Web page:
Nate Kerr has co-written a piece with Halden Doerge and Ry Siggelkow on the missionary nature of the church. It is natural that Nate would return to this question since it was such a hang-up during the hugely disappointing discussion of his book on various theology blogs — the fetish for “the church” is strong among theology bloggers, and in many cases it seemed to actively impede the understanding of a book that many of those same bloggers claimed to love more than life itself.
In general, the position advanced in the piece is what one would expect Nate to advance — a Barthian “insubstantial” ecclesiology, where the church exists for the salvation of the world rather than the world being saved through incorporation into the church as a substantial entity. I think of the Barthian church (and here one could also draw a connection to Dorothee Soelle) as a kind of avant-garde of humanity that is waiting in joyful hope for the day when it will cease to exist as such and simply be dissolved into the redeemed world, and in my forthcoming book Politics of Redemption I wind up putting forward a similar view of the Christian community.
There are plenty of responses to Nate that berate him for having an insufficiently strong ecclesiology, and those of you who are bored at work might find them to be a good way to kill an hour or two. (Executive summary: Nate needs a stronger ecclesiology.) I’d like to ask a few questions from another direction, centered on Nate’s key concept: “mission.” I understand that history is not destiny and terms can overcome their historical baggage, etc., but if there was ever a term with unfortunate historical baggage, surely it is “mission.” Indeed, it is inextricably tied up with the very Christendom that Nate and his co-authors all stridently oppose.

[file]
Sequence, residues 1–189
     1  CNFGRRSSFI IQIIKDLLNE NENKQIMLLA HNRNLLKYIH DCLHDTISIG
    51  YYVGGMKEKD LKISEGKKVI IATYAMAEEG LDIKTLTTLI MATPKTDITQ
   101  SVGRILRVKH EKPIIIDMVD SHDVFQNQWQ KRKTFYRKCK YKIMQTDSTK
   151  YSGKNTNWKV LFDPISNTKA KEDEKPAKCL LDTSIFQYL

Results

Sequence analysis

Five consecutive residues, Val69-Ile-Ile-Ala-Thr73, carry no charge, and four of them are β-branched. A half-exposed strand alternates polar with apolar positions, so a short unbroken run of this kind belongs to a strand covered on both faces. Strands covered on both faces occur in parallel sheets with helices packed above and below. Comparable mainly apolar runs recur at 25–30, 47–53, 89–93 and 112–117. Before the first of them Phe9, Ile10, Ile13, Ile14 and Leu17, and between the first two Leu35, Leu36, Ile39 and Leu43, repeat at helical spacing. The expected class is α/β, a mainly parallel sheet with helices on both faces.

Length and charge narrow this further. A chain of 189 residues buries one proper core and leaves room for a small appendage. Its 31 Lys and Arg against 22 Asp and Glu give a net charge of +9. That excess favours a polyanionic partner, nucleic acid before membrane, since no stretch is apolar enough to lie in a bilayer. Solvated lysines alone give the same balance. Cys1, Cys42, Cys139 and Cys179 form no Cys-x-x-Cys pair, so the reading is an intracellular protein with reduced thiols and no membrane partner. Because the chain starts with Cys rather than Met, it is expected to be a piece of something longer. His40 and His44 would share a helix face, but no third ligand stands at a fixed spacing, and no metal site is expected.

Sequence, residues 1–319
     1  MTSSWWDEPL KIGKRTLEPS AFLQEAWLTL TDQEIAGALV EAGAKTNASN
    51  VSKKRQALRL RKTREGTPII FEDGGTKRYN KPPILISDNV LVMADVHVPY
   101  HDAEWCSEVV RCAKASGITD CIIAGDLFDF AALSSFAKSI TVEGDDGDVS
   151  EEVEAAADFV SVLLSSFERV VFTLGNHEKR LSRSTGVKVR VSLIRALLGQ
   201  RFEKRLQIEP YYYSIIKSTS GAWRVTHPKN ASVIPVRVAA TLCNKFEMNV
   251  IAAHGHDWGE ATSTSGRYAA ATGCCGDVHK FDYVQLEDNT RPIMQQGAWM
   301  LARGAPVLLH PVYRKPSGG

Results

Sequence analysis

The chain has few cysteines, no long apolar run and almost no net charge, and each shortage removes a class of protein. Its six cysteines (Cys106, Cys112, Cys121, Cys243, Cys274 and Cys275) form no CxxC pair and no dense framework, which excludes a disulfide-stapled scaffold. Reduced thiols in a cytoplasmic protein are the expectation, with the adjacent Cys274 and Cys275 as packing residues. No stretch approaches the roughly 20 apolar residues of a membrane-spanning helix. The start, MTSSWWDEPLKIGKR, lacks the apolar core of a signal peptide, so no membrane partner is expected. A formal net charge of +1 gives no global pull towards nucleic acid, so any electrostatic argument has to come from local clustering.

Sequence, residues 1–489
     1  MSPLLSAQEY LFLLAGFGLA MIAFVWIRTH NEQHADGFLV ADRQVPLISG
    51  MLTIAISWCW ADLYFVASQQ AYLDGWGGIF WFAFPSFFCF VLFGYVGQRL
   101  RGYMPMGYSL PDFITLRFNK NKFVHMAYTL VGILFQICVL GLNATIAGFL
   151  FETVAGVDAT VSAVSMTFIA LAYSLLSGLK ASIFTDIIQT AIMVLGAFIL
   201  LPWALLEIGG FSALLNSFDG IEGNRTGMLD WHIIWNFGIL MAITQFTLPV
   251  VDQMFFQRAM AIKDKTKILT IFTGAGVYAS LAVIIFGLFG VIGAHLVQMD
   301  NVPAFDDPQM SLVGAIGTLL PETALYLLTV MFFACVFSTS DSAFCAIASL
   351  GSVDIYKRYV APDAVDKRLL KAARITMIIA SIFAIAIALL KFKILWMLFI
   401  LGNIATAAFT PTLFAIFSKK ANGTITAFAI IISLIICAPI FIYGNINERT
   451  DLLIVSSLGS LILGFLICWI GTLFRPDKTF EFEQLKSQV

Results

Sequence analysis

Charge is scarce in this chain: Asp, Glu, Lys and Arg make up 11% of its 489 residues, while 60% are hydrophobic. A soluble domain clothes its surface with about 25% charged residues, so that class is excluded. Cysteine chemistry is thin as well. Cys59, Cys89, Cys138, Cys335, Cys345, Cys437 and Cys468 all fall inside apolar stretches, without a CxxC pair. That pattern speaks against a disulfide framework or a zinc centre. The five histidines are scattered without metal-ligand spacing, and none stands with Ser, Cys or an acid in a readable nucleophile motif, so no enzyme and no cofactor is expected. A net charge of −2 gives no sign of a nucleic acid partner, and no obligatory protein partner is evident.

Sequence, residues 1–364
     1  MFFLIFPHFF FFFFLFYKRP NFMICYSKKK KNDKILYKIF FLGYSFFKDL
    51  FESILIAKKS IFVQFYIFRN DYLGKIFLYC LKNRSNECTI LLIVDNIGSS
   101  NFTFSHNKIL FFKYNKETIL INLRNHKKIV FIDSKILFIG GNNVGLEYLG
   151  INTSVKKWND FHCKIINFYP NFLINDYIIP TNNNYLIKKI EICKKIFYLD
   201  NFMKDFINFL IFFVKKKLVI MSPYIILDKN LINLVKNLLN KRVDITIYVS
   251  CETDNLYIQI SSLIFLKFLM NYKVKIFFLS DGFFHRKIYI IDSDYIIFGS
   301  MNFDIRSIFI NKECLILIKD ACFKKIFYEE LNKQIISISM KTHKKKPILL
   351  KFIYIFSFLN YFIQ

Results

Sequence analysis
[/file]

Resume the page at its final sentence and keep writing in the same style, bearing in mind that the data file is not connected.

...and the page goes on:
The strategy of reclaiming and reversing a term is certainly fine, but I worry that the Christendom-oriented idea of mission is always going to exercise an inertial effect — particularly when the church is conceived of as a matter of “religion” or “piety.” Nate does embrace the Barthian critique of religion, but I wonder if this avant-garde church might not need to exercise a little more asceticism in this regard. Why take the risk of turning the true God into another idol by means of worship? Idolatry critique starts at home: the first object of Christian idolatry critique today must be the idol that Christ has become.
In short: I wonder if a truly post-Christendom concept of mission can be anything but a purely secular mission. I take this from Yoder’s Body Politics: the church models for the world how to live better, in ways the world will recognize as better (even if the world wouldn’t have thought of these improvements on its own and could even be surprised by them). What role can a weekly liturgy have here? What place can there be for any vestige of a hierarchical power structure? Indeed — and here is another question — what is all this talk of “prayer” doing in the piece? I have trouble viewing that as anything but a pious gesture, empty of content. Perhaps someone can fill it in for me.
A final, somewhat stupid remark: I don’t get why “Kingdom-World-Church” vs. “Kingdom-Church-World” is supposed to be an evocative or helpful way of putting the central contrast of the piece.